SELECT * FROM SOME_TABLE WHERE SOME_FIELD LIKE '%some_value%';
SELECT * FROM SOME_TABLE WHERE SOME_FIELD = 'some_value';
SELECT * FROM SOME_TABLE WHERE SOME_FIELD LIKE 'some_value';
There is a clear difference when you use bind variables, which you should be using in Oracle for anything other than data warehousing or other bulk data operations.
Take the case of:
SELECT * FROM SOME_TABLE WHERE SOME_FIELD LIKE :b1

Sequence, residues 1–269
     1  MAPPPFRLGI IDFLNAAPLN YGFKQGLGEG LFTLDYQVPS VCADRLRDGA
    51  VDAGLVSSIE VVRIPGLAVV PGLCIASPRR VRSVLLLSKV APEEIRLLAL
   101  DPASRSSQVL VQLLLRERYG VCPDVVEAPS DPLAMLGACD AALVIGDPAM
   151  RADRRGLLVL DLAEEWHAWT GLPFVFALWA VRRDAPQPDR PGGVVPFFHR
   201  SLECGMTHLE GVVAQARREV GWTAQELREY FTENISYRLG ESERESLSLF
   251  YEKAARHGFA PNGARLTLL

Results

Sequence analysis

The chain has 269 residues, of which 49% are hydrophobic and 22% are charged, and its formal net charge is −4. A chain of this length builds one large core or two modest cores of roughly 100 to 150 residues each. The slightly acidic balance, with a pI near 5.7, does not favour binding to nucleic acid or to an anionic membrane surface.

Oracle cannot know that the value of :b1 is '%some_value%', or 'some_value' etc. until execution time, so it will make an estimation of the cardinality of the result based on heuristics and come up with an appropriate plan that either may or may not be suitable for various values of :b, such as '%A','%', 'A' etc.
Similar issues can apply with an equality predicate but the range of cardinalities that might result is much more easily estimated based on column statistics or the presence of a unique constraint, for example.
So, personally I wouldn't start using LIKE as a replacement for =. The optimizer is pretty easy to fool sometimes.